The acquisition of skill is a cognitive achievement.
And so, making something beautiful, is a sublime expression of the creators knowledge!
What really defines the people who make things by hand, is the never-ending possibilities of learning about one’s trade. The sensory faculties of a craftsperson are constantly at work when they are creating. They listen to their tools, they see the finish of the materials and feel the materials and their tools and listen to them talk back to deftly carve out meaning out of nothing. These skills are honed by years and years of practice. They work with a deep sense of understanding and meaning to what they are doing. For a craftsperson it’s a personal journey to reach a higher being through the act of creation. But many brands fail to focus on that one individual who, to make the product, utilises this vast knowledge base acquired from practice and through their family involved for generations in evolving the craft to its present glory. The creator often remains unknown.
Back in 2016, Sandeep Dhopate, the founder of Soolkaama chanced upon a community of sheep herders that lived in a remote village very close to a nature reserve. It was a small village where 20 odd households each owning 30 odd sheep were creating rugs and blankets as a family occupation. The rugs were made with simple tools using wool from sheep that were reared at home. Far away from the crowded towns, in the midst of a verdant nature reserve, the rug weavers, unaware of market pressures, were producing high quality products that should have fetched them a handsome price but due to lack of market linkages they were selling them in neighbouring villages for a paltry 400 Rs. As Sandeep was about to leave the place, an elder resident happened to mention the name of his village . It was “Soolkaama”. This is where the inspiration for Soolkaama originated.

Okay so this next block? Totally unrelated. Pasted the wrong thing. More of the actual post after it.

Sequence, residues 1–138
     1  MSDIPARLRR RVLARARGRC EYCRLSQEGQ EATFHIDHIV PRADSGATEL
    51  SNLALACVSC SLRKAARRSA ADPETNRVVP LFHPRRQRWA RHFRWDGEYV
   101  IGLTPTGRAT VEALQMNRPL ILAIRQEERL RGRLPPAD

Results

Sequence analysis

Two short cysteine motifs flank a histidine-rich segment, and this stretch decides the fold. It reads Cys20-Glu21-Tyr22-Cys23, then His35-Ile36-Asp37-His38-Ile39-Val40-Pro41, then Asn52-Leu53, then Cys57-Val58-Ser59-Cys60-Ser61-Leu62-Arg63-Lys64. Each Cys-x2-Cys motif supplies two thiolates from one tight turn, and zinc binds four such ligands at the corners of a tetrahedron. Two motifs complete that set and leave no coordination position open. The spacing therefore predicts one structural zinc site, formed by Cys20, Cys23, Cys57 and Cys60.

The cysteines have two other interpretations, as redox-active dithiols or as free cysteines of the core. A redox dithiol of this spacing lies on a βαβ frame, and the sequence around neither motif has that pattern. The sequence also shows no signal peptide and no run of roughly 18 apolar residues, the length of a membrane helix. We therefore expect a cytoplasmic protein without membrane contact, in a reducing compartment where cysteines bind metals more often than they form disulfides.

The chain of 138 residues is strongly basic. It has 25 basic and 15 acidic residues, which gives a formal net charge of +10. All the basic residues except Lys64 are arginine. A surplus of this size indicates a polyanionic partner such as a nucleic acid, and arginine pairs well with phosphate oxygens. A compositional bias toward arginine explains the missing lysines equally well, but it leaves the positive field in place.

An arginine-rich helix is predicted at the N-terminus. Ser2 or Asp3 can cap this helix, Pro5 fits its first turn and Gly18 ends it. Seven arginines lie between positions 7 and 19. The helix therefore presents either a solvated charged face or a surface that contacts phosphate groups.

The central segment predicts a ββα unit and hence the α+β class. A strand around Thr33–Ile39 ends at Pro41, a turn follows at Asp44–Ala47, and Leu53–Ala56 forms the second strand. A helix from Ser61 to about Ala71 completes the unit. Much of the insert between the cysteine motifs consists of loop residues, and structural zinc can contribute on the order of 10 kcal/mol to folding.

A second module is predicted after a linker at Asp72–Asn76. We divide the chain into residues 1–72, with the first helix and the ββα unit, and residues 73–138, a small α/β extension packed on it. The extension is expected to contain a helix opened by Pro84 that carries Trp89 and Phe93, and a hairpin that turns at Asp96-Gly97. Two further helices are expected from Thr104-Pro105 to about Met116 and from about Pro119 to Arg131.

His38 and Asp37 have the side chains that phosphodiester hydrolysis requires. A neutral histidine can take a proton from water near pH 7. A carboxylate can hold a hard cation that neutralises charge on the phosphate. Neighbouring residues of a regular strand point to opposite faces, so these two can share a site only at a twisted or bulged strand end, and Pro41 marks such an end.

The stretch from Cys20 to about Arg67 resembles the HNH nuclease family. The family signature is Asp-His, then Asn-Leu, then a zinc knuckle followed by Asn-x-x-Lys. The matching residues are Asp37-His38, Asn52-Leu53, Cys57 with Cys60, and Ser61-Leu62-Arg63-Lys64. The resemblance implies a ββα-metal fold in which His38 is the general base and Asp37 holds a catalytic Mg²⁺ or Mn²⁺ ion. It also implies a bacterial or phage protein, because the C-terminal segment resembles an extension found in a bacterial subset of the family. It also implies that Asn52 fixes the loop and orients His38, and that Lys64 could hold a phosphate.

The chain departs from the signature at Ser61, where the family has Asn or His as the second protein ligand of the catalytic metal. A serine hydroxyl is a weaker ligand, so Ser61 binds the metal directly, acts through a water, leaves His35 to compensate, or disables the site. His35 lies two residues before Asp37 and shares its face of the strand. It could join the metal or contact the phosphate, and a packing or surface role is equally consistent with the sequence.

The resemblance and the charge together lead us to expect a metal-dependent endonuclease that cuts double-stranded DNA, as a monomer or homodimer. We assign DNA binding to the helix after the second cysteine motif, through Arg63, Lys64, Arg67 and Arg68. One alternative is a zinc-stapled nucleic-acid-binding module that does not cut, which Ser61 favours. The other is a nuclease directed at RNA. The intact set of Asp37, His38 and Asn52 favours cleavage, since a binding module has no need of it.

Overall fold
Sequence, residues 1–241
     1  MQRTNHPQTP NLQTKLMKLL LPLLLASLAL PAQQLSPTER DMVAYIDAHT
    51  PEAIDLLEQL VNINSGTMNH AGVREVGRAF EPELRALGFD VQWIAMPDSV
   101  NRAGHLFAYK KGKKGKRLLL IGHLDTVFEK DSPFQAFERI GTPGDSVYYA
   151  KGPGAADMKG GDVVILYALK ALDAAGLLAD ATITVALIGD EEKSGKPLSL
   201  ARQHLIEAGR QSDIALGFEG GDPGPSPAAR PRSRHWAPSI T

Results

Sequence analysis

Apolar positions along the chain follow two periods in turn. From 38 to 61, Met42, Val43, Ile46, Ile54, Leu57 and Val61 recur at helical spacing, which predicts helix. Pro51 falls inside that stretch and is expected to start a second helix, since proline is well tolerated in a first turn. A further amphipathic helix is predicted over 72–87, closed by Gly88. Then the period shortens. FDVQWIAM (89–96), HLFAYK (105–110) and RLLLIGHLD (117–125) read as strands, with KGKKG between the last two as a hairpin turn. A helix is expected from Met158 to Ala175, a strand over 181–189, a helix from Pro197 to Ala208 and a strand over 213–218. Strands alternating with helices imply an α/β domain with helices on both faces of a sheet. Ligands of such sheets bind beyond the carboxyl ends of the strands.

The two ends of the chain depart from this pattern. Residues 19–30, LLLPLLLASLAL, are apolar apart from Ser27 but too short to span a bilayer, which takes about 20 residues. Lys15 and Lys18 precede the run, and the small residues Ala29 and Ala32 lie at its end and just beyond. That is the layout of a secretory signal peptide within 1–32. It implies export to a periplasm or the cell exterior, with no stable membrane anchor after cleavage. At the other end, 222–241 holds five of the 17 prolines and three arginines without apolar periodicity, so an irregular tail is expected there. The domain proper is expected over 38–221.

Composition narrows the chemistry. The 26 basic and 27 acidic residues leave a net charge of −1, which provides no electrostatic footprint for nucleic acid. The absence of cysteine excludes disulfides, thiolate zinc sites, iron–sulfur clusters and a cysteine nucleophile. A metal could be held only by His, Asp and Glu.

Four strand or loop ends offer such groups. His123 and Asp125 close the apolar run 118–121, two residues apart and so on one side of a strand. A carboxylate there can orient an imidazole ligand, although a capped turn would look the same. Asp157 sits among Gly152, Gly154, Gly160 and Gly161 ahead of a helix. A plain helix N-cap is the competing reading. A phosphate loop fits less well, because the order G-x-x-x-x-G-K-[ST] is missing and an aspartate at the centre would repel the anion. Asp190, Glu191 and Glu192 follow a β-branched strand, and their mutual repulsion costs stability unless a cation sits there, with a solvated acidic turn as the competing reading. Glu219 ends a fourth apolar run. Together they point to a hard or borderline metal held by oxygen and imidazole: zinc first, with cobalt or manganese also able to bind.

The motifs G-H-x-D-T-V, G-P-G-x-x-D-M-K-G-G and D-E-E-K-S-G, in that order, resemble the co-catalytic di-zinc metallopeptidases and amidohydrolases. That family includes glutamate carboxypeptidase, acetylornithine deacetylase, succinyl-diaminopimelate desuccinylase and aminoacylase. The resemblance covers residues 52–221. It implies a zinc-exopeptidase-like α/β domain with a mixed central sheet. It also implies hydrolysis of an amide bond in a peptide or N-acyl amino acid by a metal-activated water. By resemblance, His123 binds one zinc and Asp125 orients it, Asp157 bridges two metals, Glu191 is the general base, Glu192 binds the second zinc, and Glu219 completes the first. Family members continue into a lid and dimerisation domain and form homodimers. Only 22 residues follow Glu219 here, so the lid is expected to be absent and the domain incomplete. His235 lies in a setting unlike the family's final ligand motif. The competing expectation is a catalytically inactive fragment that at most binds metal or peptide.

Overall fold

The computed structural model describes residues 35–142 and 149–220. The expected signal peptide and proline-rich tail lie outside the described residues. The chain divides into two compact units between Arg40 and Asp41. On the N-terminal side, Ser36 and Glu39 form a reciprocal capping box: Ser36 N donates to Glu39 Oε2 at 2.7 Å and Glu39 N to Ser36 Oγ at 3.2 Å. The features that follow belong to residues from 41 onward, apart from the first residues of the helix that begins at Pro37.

As the story of the village of Soolkaama shows, there are many issues plaguing the current traditional Indian craft industry from making a mark in the world arena. Soolkaama believes that one of main reasons why the Indian handicraft industry is not more successful internationally is because of poor marketing decisions. Current marketing strategies focus on product presentation and fail to capture the true essence of making by hand i.e. the hand itself.
Recognition for one’s skill is the highest reward for an artist. To be denied that, is just morally wrong.
Soolkaama seeks to change the way in which traditional hand made products are marketed by giving the artisan the voice and recognition they deserve.
The realities that manifest in Indian villages like Soolkaama raise several issues such as
|Are Handicraft traditions in India dying out? If so, why?||Why is there little respect for these traditions and consequently, the artisan’s skill?||Why is the artist not making enough money?||Why is the youth migrating to congested cities to do menial jobs?|
|Are machines driving down prices for hand made products?||Why is the global demand for handmade on the rise?||While global demand for hand made is on the rise why is the local artisan unaware of this growth?||Why do current marketing strategies celebrate heritage but not include the people who are responsible to keep it alive against all odds?|